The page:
Override automatic updated_at in ActiveRecord/Rails
Rails provides some good tools like automatically updating
updated_at columns. Developers do not need to worry about these columns. Rails updates these columns automatically which is great. Click here to find out how rails does auto time stamping.
However I have a unique business need where I need to update a column but I do not want
updated_at to be changed. Or we can see the problem this way. I want to change the
updated_at to a particular value.
>> User.first.update_attributes(:updated_at => 100.years.ago) UPDATE `users` SET `updated_at` = '2009-01-20 19:15:25' WHERE `id` = 2
Look at the sql that is generated. Rails discarded the
updated_at value that I had supplied and replaced the value by the current time. Rails works fine if you supply
created_at value. It is the
updated_at value that is discarded.
Rails provides a feature called ActiveRecord::Base.record_timestamps . Using this feature I can tell rails to not to auto time stamp records.
Let’s try that.
>> User.record_timestamps=false => false >> User.first.update_attributes(:updated_at => 100.years.ago) UPDATE `users` SET `updated_at` = '1909-01-20 18:52:50' WHERE `id` = 2 >> User.record_timestamps=true => true
It worked. I have successfully set
updated_at to year 1909. However there is a problem.
For a brief duration
User.record_timestamps was set to false. That is a class level variable. It means that for that brief duration if any other User record is updated then that record will not have correct
updated_at value. That is not right. I want just one record ( User.first) to not to change
updated_at without changing the behavior for the whole application.
In order to isolate the behavior to only the record we are interested in, I can do this.
>> u = User.first >> class << u >> def record_timestamps >> false >> end >> end >> u.update_attributes(:updated_at => 100.years.ago) UPDATE `users` SET `updated_at` = '1909-01-20 18:58:10' WHERE `id` = 2 >> class << u >> def record_timestamps >> super >> end >> end >> u.update_attributes(:updated_at => 200.years.ago) UPDATE `users` SET `updated_at` = '2009-01-20 19:22:11' WHERE `id` = 2
In order to restrict the changes to a model, I am opening up the metaclass of u ( user object) and in that object I am adding a method called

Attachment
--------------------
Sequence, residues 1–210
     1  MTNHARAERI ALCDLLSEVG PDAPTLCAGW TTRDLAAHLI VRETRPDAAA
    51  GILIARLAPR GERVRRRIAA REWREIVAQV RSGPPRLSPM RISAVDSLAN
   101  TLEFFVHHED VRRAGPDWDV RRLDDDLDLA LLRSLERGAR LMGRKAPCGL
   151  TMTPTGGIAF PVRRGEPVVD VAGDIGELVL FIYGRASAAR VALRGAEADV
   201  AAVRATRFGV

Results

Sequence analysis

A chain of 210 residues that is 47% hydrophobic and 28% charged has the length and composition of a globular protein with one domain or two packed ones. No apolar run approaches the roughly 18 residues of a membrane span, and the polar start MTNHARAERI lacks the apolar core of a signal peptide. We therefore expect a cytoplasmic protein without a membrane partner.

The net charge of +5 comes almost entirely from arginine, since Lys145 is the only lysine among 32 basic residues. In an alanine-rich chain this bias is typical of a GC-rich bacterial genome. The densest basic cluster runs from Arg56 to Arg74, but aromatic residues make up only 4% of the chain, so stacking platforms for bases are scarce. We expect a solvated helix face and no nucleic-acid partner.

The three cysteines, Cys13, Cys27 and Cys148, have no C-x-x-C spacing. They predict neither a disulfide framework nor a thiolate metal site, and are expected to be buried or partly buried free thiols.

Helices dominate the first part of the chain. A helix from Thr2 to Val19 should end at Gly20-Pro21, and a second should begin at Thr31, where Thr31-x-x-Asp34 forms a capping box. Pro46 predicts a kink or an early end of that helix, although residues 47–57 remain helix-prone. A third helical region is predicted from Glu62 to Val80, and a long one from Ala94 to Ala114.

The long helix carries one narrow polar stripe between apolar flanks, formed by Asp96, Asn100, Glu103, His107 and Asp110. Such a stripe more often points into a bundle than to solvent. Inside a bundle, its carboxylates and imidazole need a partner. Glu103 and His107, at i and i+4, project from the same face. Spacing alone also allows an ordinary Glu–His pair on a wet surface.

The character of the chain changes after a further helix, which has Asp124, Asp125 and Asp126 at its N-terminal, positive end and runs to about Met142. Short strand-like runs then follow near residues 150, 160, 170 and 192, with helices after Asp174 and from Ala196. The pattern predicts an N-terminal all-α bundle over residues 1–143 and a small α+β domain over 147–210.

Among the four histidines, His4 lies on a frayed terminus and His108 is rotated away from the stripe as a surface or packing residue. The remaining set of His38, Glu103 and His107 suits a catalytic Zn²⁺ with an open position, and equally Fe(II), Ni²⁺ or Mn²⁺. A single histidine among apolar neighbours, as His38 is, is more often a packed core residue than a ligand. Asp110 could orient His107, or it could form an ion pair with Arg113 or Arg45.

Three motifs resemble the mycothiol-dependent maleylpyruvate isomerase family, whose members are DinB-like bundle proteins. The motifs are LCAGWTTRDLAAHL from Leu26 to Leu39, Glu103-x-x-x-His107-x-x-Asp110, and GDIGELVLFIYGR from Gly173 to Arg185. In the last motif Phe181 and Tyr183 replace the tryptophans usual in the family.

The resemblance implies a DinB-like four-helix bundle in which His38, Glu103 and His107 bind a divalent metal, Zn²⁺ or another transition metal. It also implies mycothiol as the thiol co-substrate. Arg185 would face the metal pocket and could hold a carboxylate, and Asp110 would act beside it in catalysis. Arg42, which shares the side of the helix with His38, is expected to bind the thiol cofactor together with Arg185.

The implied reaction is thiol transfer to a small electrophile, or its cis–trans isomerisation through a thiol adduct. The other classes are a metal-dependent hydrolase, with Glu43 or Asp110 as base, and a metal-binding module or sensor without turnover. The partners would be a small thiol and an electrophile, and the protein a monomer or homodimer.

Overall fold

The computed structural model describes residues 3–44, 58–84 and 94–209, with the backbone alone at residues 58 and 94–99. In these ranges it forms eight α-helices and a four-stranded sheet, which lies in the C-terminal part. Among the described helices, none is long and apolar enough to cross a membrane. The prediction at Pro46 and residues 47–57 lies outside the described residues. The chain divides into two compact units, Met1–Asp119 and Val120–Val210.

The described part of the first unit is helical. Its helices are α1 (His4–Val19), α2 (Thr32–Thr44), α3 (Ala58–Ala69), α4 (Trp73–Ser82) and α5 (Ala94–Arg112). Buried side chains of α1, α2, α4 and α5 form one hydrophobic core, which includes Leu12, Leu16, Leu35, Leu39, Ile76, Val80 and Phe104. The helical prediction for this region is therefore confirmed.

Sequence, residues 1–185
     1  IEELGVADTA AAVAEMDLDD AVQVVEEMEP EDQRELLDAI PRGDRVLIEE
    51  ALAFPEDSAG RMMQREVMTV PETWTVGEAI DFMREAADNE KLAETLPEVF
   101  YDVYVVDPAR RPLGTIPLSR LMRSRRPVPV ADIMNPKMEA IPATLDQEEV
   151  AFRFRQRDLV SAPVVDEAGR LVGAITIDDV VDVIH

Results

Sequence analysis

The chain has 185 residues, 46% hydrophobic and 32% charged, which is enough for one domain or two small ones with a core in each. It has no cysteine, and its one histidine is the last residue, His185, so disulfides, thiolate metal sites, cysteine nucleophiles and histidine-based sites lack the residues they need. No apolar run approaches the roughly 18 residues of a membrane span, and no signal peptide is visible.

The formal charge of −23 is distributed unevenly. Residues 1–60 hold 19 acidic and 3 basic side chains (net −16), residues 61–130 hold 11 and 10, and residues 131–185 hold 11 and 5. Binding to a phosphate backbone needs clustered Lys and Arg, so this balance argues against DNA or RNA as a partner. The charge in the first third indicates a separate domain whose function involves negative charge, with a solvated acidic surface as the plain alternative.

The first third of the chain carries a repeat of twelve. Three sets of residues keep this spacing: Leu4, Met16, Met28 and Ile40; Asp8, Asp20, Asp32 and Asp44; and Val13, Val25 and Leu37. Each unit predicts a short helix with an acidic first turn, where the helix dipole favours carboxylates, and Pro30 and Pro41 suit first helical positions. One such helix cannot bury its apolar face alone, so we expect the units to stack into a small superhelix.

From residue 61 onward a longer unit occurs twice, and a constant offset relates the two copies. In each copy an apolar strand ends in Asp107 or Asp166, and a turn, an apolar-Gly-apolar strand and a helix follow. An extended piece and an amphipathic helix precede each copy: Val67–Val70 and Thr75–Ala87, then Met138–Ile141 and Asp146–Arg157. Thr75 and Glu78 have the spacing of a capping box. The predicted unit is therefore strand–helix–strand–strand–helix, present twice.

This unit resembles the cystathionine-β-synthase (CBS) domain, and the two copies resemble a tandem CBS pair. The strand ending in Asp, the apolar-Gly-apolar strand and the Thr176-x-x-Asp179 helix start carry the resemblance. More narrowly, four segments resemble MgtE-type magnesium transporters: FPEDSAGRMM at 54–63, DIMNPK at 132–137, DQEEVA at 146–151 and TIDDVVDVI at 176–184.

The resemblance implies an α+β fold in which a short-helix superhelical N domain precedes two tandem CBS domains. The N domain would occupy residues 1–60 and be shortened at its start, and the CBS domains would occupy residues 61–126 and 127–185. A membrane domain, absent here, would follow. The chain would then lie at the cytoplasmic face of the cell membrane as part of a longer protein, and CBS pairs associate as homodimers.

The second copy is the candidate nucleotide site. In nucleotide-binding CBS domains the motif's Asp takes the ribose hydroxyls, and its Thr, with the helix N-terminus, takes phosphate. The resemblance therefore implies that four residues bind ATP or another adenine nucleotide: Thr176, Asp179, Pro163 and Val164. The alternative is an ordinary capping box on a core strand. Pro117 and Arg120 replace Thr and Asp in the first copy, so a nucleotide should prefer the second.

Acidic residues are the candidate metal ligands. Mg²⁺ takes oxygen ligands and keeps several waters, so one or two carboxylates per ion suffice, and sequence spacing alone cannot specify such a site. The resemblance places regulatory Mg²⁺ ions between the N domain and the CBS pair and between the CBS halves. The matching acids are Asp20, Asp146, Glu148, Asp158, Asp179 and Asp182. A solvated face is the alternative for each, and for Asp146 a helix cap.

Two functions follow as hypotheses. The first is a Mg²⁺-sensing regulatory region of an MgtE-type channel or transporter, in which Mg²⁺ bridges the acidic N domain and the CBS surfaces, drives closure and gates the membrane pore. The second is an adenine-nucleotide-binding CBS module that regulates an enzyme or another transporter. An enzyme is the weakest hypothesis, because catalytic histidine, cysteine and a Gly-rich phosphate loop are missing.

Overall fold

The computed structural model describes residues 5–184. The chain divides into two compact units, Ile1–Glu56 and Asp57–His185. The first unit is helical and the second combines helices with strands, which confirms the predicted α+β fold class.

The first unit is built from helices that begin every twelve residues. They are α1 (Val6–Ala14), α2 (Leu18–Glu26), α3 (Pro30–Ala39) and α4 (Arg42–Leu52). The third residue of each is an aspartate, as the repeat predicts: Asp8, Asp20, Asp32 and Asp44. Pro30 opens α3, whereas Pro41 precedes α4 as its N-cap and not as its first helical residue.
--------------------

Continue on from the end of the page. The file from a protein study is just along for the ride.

record_timestamps . The idea is to insert a method called
record_timestamps in the metaclass which will return true and in this way the changes are restricted to a single object rather than making change at the class level.
At this point the meta class of the user object has the method
record_timestamps and this returns false. Now I update the record with
updated_at set to 100 years ago. And I succeed.
Now I need to put the object behavior back to normal. I open up the metaclass and call super on the method so that the method call will go up the chain. And that’s what happens when I try to test
updated_at. This time the
updated_at value that I set is ignored and rails changes the
This strategy of opening up an instance object works but it is messy. I would like to have a method that is much easier to use and this is what I came up with. Stick this piece of code in an initializer.
module ActiveRecord class Base def update_record_without_timestamping class << self def record_timestamps; false; end end save! class << self def record_timestamps; super ; end end end end end
This is how you can use it.
>> u = User.first >> u.updated_at = 100.years.ago >> u.created_at = 200.years.ago >> u.update_record_without_timestamping UPDATE `users` SET `created_at` = '1809-01-20 19:08:21', `updated_at` = '1909-01-20 19:08:22' WHERE `id` = 2
Good usage of remove_method
In the above solution I used super when I want to bring back the default auto time stamping behavior. In stead of super I can also use remove_method. More about the what remove_method does is here .
module ActiveRecord class Base def update_record_without_timestamping class << self def record_timestamps; false; end end save! class << self remove_method :record_timestamps end end end end
Using the above technique, I can fully control
updated_at values without rails messing up anything.